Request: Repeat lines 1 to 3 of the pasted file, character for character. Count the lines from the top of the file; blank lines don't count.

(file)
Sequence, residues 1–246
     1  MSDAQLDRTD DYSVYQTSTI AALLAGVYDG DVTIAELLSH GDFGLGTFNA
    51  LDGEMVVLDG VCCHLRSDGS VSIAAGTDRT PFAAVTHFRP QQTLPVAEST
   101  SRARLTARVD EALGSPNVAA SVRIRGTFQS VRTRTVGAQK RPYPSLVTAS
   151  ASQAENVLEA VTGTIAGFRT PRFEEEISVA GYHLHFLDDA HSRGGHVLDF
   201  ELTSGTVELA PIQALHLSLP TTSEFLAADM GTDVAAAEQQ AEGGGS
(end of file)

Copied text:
Sequence, residues 1–246
     1  MSDAQLDRTD DYSVYQTSTI AALLAGVYDG DVTIAELLSH GDFGLGTFNA
    51  LDGEMVVLDG VCCHLRSDGS VSIAAGTDRT PFAAVTHFRP QQTLPVAEST